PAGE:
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They Reminisce over You

They Reminisce over You

The story of commercial publishing…has been one of cottage industries growing into public corporations, then being absorbed into giant conglomerates in order to survive financially.

-Sally Dennison, Alternative Literary Publishing (1984), pg. 7

A hundred years ago, in 1915, Alfred A. and Blanche Knopf (husband and wife) along with Samuel Knopf (father of Alfred A.) founded the publishing house Alfred A. Knopf Inc. There is no doubt that with the writers it has published over the last century, Knopf has become one of the most respected and well-known names in the field of literature. There is also no doubt that the story of Alfred A. Knopf Inc. defines the narrative of commercial publishing in the 20th century.

After operating independently for its first 45 years of existence, Alfred A. Knopf Inc. was acquired by Random House in 1960. 38 years later Knopf became a part of the German media corporation Bertelsmann when in 1998 Bertelsmann acquired Random House. In 2008, Bertelsmann combined both Knopf and the Doubleday imprint (itself originally started in 1897 by Frank Nelson Doubleday) to form the Knopf Doubleday Publishing company. After 15 years under Bertelsmann, and officially in June 2013, Bertelsmann and another global media company Pearson PLC merged their publishing holdings to form Penguin Random House (Bertelsmann 53%, Pearson PLC 47%).

Today, Penguin Random House is the largest publisher of general interest trade books in the world with nearly 250 imprints and publishing houses to its name. Penguin Random House is the biggest of the Big Five, a term that refers to the largest trade book publishers in the United States. The Big Five also consists of Harper Collins, MacMillan Publishers, Simon and Schuster and Hachette Book Group. That last one should sound familiar. Hachette Book Group and Amazon were involved in a long, drawn-out contract negotiation, particularly regarding the price of e-books, over much of the past year.

Now let’s pause for a moment. I want to properly introduce this weekly Real Pants beat to you. The name of it is Business Casual, and the focus of this weekly column will include current and historical issues and aspects within the general publishing community and literary world. Let’s narrow that down a little. In contrast to Alfred A. Knopf Inc., I started and run a publishing house called Scrambler Books. Scrambler Books is an independent publisher that on average publishes four books a year. It is probably the furthest away that one could get from Knopf and most other commercial publishing companies in terms of pretty much everything. Referencing the above quote from Sally Dennison, Scrambler Books is definitely at the cottage industry level and showing no signs of growing into a public corporation.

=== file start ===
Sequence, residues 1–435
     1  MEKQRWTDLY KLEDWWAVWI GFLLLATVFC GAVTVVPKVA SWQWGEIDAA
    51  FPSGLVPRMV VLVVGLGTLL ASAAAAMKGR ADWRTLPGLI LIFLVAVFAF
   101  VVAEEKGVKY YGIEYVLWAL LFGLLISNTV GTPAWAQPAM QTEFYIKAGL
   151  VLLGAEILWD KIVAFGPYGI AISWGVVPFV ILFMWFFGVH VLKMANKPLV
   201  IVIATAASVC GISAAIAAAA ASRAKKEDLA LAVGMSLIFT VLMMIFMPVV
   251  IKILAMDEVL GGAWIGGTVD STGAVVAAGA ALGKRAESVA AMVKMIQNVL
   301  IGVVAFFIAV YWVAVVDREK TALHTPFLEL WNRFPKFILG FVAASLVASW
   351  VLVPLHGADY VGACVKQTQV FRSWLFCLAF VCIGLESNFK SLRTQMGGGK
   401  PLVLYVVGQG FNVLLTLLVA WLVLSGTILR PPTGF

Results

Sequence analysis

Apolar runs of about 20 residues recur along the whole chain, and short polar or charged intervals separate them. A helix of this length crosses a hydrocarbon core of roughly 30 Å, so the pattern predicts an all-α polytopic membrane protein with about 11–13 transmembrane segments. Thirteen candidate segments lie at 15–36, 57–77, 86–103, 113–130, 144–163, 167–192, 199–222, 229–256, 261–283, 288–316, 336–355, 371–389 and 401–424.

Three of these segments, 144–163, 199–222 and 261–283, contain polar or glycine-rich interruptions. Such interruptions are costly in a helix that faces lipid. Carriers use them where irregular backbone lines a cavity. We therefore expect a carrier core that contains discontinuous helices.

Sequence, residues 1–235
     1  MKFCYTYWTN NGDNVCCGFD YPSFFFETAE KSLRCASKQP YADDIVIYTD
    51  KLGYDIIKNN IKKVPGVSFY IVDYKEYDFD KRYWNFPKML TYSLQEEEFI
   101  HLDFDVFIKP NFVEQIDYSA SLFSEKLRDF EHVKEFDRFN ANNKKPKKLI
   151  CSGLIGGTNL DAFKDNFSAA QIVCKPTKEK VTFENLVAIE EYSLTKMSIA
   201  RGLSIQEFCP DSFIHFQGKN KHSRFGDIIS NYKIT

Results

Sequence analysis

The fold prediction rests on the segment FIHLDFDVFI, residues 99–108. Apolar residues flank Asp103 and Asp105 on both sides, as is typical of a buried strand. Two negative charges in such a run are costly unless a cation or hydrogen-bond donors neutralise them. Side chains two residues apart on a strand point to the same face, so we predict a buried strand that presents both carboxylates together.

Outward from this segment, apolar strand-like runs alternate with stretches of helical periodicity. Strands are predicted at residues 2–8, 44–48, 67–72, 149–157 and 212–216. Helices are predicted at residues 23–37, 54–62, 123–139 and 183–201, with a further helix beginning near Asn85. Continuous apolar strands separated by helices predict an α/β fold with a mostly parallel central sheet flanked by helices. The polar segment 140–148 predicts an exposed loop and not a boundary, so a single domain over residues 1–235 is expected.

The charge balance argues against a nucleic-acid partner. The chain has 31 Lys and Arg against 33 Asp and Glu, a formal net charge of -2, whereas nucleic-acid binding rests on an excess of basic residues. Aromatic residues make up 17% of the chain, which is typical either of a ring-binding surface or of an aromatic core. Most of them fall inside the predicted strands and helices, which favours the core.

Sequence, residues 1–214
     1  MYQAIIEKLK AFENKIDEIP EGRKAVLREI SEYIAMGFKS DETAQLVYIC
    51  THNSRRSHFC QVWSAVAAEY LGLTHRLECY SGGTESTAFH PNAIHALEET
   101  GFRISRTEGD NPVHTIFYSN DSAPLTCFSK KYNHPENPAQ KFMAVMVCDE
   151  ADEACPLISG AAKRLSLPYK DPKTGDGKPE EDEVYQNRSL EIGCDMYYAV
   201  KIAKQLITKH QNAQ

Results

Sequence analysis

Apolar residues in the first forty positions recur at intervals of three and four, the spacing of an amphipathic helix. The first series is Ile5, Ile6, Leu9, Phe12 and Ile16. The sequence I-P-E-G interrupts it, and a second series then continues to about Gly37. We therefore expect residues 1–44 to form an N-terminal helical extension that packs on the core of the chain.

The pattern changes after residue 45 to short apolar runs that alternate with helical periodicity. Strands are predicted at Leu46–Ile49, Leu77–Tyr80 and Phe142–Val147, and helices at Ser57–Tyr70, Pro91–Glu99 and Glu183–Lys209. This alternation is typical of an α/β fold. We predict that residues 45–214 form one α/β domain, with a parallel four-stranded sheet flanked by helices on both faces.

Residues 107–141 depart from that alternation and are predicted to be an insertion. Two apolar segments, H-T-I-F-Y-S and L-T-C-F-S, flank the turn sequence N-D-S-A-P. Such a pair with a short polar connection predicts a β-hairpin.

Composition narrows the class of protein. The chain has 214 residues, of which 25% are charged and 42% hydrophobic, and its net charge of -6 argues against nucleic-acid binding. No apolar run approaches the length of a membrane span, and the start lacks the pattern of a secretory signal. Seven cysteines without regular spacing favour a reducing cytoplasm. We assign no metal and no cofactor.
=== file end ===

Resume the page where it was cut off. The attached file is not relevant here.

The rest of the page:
Most of the people associated with Real Pants are also a part of the independent publishing community. The independent publishing community can be thought of as a sphere residing in the same solar system as the world of commercial publishing, but one is Mercury and the other Jupiter. Yes, on a daily basis independent and commercial publishing both help to create, publish and sell books—but how they go about doing that, and their ultimate goals, are usually very different. Future versions of this column will explore some of those differences while mostly focusing on the independent side of things in the publishing community. Future versions of this column will also highlight the ingenuity and inventiveness of both the commercial and the independent publishing communities.

We are still at the beginning of the 21st century, but sitting here in 2015, I would argue that in regards to the depth and breadth of the books that are being published during the last 15 years by independent publishers, independent publishing is definitely approaching a peak point in its history. Take a look at the list of titles that these independent publishers from around the world are currently publishing and tell me otherwise: New Directions, Melville House, Wave Books, Octopus Books, Publishing Genius Press, Tiny Hardcore Press, Two Dollar Radio, Emily Books, Featherproof Books, Dalkey Archive Press, Black Ocean Press, Dancing Girl Press, Hobart, No Tell Books, Sator, Big Lucks Books, Civil Coping Mechanisms, Magic Helicopter Press, Editorial El Gaviero (Spain), La Bella Varsovia (Spain), Stillness and Blood Press (Mexico), Editora 7Letras (Brazil), Editora Cosac Naify (Brazil), Lingua Geral (Brazil) and Damocle Edizioni (Italy). Get your Real Pants on.

By Spodnie.svg: Bastianow derivative work: Themightyquill (Spodnie.svg) [CC BY-SA 4.0-3.0-2.5-2.0-1.0 (http://creativecommons.org/licenses/by-sa/4.0-3.0-2.5-2.0-1.0) or GFDL (http://www.gnu.org/copyleft/fdl.html)], via Wikimedia Commons

 

Jeremy Spencer

Jeremy edits The Scrambler (an e-zine) and Scrambler Books (an independent publisher of books) out of Sacramento, CA.

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About The Author

Jeremy Spencer

Jeremy edits The Scrambler (an e-zine) and Scrambler Books (an independent publisher of books) out of Sacramento, CA.

Real Pants

Posi but not teenage

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